Or to give it the medical terminology 'Lateral
Epicondylitis'. This is a common condition that effects the outside of your
elbow. It results from inflammation and micro tearing of the fibres in the
tendons that extend your forearm.
As mentioned you don't have to be a
sportsperson to incur this condition, it can arise from repetitive forceful
turning (supination/pronation) of the forearm extensor muscles.
Non-Sport: Jobs such as using a screwdriver on a daily basis,
gardeners for excess pruning, plasterers from high demand turning the
wrist/forearm and hand.
Sport: Most racquet sports, polo, hockey (golf
affects the medial side of the elbow)
But that's not the whole story.
Why does it happen?
There can be various predisposing factors as to why
this happens. It can be as a direct result of taking up a new activity or sport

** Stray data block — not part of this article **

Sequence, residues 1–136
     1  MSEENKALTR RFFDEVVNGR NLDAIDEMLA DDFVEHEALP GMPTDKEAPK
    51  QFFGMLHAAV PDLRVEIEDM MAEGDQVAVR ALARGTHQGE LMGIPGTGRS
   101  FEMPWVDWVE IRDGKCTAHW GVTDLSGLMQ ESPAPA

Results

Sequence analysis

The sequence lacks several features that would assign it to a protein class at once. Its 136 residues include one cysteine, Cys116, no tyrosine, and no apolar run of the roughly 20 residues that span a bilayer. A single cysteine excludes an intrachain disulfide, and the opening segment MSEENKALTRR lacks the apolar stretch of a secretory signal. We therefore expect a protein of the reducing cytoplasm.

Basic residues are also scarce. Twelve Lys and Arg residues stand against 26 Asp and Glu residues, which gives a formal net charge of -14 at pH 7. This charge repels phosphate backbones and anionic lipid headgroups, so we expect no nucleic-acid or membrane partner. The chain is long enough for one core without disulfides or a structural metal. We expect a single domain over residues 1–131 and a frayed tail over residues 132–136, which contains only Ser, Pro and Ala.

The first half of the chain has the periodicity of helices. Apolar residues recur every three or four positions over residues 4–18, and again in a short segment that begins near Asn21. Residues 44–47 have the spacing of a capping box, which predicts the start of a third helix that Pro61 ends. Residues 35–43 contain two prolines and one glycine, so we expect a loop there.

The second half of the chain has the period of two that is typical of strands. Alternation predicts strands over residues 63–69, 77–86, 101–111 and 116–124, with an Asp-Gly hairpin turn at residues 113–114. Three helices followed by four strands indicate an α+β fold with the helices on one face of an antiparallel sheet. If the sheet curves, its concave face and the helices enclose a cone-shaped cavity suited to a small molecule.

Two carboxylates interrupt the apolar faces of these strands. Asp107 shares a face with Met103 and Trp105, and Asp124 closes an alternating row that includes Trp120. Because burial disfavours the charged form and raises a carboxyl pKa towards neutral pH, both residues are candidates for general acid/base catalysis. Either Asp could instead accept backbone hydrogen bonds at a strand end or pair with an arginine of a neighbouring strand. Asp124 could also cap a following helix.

that your forearms have not been used to. Also there could be weakness in the
shoulder or wrist muscles which cannot support the demands on the smaller
muscles of the elbow. There could also be an imbalance between the flexors and
the extensor muscles in the forearm.
If it's a racquet sport induced
injury, then it may be worth getting your technique checked out and address if
the racquet is strung too tightly - these can all be easily rectifiable factors
which may be of comfort to know that you won't have to give up your sport
Self Help: What can you do to help yourself prior to
Temporary rest away from the activities that provoke symptoms, ice, gentle stretching
I've tried that and I've tried anti-inflammatories but it's not going away........
What can Osteopaths do to help?
Assess and diagnose if you have Lateral Epicondylitis
Advise you on how to deal with it according to your circumstance
Treatment incorporating a range of techniques and modalities designed to manage and rehabilitate
you as an individual
Advice on addressing any imbalance found on examination
Strengthening exercises given where required